Analyzing data in Excel has never been easier if you take
advantage of 2013’s new Quick Analysis tool. You’ll need no special training – select
the data, make a choice, and that’s it. If you’re not paying attention though,
you might not know the tool exists! After selecting a data range, you’ll notice
a small icon appears. That’s Quick Analysis! If you’re like many Excel 2013
users, you’ve ignored it, thinking it was one of Excel’s annoying error smart tags.
Quick Analysis is a contextual tool that provides
single-click access to data analysis tools, many of which you’re already
- Format: Preview and apply
some of Excel’s most popular conditional formats.
- Charts: Preview and apply
specific chart structures. Here’s a quick tip: most of the time, you’ll
want to select the header text when choosing Charts.
- Totals: Preview and insert
basic calculations like sum, count, average, and so on.
- Tables: Preview pivot
- Sparklines: Preview and
insert sparkline graphics.
None of these tools are new, but they’re now available via
the icon – no more ribbon surfing! Some of the options are automatic; some
require a bit more information from the user. For instance, if you choose
Greater Than from the Formatting tab, Excel will prompt you for specific values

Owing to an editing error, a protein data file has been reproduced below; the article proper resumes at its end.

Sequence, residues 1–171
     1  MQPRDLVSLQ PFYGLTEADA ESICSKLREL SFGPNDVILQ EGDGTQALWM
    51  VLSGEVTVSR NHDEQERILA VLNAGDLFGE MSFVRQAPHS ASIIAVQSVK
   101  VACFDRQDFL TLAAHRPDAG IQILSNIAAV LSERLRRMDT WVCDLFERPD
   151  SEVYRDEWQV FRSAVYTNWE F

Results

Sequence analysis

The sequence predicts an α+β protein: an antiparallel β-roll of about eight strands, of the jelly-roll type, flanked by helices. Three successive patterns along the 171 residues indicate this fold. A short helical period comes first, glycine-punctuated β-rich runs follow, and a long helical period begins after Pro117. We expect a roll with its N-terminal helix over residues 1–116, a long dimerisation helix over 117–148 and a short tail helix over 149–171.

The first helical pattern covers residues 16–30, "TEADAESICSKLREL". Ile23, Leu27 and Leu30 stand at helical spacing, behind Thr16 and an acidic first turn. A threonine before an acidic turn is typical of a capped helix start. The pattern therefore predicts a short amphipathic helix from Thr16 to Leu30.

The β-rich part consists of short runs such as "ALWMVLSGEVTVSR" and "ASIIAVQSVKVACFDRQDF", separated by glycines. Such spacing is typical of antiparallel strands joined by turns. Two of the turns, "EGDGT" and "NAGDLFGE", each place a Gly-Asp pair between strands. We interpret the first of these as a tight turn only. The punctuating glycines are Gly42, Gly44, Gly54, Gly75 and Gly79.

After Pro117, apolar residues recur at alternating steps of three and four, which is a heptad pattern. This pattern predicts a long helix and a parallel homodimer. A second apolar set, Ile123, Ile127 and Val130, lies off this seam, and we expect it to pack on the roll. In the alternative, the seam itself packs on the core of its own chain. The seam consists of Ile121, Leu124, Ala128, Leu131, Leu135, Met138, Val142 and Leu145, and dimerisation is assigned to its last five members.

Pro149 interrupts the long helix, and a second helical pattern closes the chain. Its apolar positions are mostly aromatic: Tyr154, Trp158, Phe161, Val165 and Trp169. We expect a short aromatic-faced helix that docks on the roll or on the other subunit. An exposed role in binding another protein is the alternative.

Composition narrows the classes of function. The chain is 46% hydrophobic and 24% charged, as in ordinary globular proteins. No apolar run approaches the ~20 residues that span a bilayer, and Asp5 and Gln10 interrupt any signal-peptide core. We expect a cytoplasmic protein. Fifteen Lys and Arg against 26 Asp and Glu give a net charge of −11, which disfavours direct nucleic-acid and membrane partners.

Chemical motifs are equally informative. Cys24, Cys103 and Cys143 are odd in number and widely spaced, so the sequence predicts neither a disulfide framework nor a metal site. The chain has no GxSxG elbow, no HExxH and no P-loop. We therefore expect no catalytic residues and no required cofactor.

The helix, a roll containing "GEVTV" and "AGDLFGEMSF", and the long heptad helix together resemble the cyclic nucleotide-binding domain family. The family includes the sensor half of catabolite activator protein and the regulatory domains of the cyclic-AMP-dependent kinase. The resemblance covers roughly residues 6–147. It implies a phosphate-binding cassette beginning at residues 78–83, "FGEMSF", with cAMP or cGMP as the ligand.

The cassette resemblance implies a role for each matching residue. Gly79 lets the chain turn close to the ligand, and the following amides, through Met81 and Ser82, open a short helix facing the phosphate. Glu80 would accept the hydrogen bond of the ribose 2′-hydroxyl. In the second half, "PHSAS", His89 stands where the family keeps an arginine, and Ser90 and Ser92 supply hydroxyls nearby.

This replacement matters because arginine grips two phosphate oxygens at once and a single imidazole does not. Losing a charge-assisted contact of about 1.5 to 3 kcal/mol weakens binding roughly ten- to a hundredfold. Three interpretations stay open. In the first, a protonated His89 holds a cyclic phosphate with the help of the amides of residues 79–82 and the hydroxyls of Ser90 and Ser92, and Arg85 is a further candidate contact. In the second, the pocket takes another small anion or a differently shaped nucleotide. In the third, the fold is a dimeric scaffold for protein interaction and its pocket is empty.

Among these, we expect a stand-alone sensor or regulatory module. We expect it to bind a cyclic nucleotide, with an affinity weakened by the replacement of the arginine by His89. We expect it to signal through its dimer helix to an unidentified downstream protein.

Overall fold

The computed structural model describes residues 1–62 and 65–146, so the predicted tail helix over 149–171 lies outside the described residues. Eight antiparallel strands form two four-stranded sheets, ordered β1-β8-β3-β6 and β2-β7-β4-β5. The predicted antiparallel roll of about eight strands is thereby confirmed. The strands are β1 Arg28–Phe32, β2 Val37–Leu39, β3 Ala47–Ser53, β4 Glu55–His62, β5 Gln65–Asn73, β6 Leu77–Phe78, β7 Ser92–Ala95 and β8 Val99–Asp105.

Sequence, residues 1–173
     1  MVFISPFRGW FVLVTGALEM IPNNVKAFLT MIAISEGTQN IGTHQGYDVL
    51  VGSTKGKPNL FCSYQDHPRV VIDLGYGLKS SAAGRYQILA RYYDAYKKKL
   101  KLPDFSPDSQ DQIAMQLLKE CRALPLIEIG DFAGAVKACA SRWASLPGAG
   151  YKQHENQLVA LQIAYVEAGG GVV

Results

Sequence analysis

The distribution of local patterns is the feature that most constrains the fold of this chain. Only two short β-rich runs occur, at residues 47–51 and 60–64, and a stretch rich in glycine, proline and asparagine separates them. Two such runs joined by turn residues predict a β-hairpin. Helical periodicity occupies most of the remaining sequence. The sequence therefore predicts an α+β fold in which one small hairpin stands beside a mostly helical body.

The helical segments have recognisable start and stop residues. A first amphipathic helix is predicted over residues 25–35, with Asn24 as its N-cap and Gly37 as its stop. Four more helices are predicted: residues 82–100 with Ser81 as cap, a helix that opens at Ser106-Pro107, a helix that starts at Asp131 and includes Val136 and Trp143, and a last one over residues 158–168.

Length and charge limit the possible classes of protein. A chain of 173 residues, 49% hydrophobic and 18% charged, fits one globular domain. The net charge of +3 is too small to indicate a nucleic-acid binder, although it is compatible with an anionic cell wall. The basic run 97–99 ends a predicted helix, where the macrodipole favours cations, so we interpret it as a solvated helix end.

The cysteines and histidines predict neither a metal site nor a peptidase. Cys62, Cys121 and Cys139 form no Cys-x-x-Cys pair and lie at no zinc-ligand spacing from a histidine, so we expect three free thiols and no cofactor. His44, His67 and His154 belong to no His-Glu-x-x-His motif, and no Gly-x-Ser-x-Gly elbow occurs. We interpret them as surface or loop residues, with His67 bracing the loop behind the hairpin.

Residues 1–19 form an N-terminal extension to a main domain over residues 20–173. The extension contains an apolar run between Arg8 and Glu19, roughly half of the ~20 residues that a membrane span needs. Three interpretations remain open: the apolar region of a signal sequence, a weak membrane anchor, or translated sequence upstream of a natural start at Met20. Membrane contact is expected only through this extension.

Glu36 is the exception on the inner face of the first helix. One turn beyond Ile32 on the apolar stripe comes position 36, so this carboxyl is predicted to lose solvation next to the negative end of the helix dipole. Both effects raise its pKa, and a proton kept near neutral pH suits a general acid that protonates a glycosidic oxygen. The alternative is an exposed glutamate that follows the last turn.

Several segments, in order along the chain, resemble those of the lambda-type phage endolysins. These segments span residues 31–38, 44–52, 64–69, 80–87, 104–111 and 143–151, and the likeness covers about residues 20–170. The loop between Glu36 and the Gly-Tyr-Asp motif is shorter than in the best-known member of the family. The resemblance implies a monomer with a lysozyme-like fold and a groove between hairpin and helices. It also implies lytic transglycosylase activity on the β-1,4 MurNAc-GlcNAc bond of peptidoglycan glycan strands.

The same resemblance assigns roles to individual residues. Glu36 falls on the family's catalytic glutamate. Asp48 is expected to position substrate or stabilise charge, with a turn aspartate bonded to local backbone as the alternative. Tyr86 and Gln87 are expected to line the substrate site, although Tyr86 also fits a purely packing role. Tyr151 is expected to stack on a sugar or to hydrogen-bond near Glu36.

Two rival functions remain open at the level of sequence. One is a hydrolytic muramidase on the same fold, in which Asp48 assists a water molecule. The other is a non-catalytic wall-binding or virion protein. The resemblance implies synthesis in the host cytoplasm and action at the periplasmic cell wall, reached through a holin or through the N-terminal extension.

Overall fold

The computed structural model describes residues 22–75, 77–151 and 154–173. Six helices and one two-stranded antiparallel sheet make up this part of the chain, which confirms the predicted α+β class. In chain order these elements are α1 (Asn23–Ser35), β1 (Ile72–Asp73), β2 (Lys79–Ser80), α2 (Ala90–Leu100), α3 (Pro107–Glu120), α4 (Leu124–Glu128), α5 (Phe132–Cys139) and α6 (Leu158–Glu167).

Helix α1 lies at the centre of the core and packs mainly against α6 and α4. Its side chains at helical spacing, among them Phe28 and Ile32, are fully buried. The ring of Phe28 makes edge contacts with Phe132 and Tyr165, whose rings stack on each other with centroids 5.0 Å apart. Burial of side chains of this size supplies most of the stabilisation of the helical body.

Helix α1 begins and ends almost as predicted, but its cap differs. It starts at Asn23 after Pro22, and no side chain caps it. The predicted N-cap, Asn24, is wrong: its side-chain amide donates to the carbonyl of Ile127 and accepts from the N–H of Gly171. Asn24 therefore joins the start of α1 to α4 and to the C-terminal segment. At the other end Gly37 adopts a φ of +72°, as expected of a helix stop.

– greater than what? You’ve probably used this conditional format before, but you
didn’t have such quick access to it.
To quickly insert sparklines, select the data, open the
icon, click the Sparklines tab, and choose an option. Notice that Excel knows
where to put them without additional input from you.
Quick Analysis is more than a shortcut – it’s also smart. It
won’t offer the same options for every data set. It fine-tunes options based on
the selected data. For example, Excel recommends column charts for the sample data.
It doesn’t offer a pie chart or other chart types – on purpose. It’s pretty
smart, so if you have trouble choosing charts, you’ll definitely benefit from
the help. (Other charts are still available.)
By default, this feature is enabled and I think most users will
benefit from it, once they know it’s there. If, however, you want to disable
it, you can do so quickly:
- Click the File tab and
choose Options from the left pane.
- Choose General in the left
pane (the default).
- In the User Interface
Options section, uncheck the Show Quick Analysis Options On Selection
- Click OK.
If you support users and you want to inhibit this feature
programmatically, use the ShowQuickAnalysis property. It’s a Boolean property
and TRUE means the feature’s enabled. The following statement will disable
Application.ShowQuickAnalysis = False
Or, offer a toggling macro using the following statement:
Application.ShowQuickAnalysis = Not (Application.ShowQuickAnalysis)
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